A chemical sensor prototype was developed that can detect single-fingerprint quantities of substances from a distance of more than 100 feet away, and could be shrunk to the size of a shoebox. The portable infrared chemical sensor could be mounted on a drone or carried by users such as doctors, police, border officials, and soldiers.
The sensor is made possible by a new optical-fiber-based laser that combines high power with a beam that covers a broad band of infrared frequencies — from 1.6 to 12 microns — over the mid-wave and long-wave infrared. Most chemicals have fingerprint signatures between 2 and 11 microns; this wavelength range is called the spectral fingerprint region. The new device enables identification of solid, liquid, and gas targets based on their chemical signature.
The device was built using off-the-shelf fiber optics and telecommunications components, except for one custom-made optical fiber. This approach ensures that the laser will be reliable and practical to manufacture at a reasonable cost.
Broadband infrared lasers are typically built up from a laser that produces very short pulses of light, and then a series of amplifiers ramps up the power, but this approach is limited to laboratories. In addition to their high costs, these components can't yet shrink small enough to fit into a handheld device. The use of lenses and mirrors would make the device sensitive to jostling and changes in temperature.
To craft the new laser, a standard laser diode similar to those in laser pointers and barcode scanners was used. This pulse was then boosted in power with telecom amplifiers similar to those used in the field to periodically ramp voice signals back up as they diminish over long travels through the fiber optic lines. Then the broadband signal was run through a 2-meter coil of optical fiber. One-nanosecond pulses were introduced at high power; they break up into very narrow series of small, short pulses, typically less than a picosecond in width.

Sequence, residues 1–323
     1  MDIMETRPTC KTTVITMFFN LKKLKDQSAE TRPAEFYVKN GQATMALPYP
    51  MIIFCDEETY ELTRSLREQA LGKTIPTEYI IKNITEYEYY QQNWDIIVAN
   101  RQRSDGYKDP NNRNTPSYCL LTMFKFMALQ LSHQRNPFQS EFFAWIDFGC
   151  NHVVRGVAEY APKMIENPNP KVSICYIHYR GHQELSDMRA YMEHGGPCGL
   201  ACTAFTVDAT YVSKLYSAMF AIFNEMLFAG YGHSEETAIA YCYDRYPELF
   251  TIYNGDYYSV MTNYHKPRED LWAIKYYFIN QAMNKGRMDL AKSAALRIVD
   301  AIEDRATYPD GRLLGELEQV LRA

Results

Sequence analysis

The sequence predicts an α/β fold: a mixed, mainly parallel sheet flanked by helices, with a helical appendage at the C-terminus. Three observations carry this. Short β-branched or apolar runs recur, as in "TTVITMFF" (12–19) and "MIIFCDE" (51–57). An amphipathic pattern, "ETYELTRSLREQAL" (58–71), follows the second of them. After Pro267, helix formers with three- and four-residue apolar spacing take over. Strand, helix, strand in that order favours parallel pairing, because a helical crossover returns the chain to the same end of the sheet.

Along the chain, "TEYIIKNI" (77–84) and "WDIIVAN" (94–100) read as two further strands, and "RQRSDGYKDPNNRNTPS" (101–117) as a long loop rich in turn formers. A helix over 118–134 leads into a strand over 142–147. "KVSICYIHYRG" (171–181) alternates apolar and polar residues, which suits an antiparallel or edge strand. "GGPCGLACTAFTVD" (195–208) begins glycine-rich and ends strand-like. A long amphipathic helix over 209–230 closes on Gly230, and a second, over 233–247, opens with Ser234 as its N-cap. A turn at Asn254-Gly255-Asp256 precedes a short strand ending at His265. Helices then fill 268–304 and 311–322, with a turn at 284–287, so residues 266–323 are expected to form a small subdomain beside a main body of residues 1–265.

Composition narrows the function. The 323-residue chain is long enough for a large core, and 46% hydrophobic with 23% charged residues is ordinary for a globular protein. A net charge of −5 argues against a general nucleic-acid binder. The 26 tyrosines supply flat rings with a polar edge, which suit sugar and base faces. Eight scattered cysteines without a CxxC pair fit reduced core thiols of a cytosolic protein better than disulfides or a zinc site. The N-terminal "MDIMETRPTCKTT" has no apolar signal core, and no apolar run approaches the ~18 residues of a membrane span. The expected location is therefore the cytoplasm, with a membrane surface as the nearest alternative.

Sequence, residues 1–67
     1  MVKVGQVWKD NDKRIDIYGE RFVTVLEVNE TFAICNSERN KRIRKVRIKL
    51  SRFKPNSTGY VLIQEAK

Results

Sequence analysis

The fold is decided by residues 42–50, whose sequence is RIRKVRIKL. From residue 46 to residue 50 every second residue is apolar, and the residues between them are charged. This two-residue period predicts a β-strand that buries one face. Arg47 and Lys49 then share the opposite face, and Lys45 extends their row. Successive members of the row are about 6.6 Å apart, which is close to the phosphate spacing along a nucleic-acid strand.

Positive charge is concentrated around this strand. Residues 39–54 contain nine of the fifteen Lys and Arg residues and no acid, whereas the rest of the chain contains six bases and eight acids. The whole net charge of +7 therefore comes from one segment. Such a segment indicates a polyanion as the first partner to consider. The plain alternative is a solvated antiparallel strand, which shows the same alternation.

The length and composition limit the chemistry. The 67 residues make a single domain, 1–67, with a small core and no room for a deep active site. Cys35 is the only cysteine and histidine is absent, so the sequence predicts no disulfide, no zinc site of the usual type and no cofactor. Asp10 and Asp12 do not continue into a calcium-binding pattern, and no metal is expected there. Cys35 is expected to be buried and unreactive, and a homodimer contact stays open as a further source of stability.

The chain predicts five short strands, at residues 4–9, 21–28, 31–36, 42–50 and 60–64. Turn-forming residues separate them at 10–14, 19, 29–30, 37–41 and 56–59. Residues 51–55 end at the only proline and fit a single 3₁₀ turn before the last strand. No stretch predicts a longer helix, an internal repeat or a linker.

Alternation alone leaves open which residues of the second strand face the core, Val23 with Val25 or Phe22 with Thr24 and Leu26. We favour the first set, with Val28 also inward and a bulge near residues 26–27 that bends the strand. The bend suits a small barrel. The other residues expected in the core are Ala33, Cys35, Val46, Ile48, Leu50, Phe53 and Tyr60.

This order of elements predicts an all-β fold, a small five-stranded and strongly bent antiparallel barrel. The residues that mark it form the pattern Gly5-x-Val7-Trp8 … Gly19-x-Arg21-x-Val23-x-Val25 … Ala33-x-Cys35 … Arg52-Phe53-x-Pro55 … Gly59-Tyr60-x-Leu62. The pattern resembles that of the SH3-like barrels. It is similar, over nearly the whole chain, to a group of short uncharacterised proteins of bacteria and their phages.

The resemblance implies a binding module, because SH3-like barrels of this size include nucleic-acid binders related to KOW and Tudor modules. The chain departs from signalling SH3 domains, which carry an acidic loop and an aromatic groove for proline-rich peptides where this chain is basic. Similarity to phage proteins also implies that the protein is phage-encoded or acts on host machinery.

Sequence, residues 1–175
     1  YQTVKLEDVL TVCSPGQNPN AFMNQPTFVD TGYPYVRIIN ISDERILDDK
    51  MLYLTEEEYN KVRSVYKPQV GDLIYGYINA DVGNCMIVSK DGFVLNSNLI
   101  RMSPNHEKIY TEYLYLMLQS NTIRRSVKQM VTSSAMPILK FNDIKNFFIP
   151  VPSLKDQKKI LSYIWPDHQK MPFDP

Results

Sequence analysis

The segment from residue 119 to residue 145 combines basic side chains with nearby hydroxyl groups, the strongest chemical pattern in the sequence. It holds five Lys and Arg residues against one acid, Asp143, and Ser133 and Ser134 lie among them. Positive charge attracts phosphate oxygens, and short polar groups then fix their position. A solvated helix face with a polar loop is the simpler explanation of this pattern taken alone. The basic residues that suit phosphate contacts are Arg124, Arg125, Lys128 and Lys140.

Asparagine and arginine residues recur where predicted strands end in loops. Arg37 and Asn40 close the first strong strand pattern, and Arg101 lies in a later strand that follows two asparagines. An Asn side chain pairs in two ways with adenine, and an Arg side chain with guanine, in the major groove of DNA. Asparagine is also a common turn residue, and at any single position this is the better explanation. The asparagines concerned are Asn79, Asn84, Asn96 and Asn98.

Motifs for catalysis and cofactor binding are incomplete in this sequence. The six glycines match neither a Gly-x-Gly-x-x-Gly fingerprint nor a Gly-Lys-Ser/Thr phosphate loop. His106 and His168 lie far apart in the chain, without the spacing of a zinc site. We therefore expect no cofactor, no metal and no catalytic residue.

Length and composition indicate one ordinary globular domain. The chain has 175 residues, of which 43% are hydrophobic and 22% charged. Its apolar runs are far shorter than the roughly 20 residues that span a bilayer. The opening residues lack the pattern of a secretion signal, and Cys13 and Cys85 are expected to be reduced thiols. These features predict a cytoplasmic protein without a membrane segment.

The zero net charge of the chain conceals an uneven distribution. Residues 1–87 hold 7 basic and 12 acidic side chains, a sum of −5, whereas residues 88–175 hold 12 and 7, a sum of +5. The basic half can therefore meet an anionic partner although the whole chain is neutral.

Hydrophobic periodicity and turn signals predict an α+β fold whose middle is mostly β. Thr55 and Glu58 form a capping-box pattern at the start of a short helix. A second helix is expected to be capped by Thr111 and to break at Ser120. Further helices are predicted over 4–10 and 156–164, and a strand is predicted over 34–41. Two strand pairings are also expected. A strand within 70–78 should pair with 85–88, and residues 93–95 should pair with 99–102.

In a process known as “supercontinuum generation,” the wavelengths covered by that light were expanded by sending it through specialized softer glass fibers. Most lasers emit light of just one wavelength, or color, but supercontinuum lasers give off a focused beam packed with light from a much broader range of wavelengths. Visible-wavelength supercontinuum lasers, for example, discharge tight columns that appear white because they contain light from across the visible spectrum. The new broadband infrared supercontinuum laser does the equivalent, but in longer infrared wavelengths.
To use the device, one shines the laser on an object and analyzes the reflected light to identify what wavelengths did not bounce back. Chemicals are identified by the unique pattern of infrared wavelengths that they absorb.
In addition to applications in policing and defense, tissue samples that currently are chemically analyzed in a laboratory — a process that takes time and materials — could be assessed on the spot using the new system. It may even be possible to run the beam through a scope and analyze tissue in the body.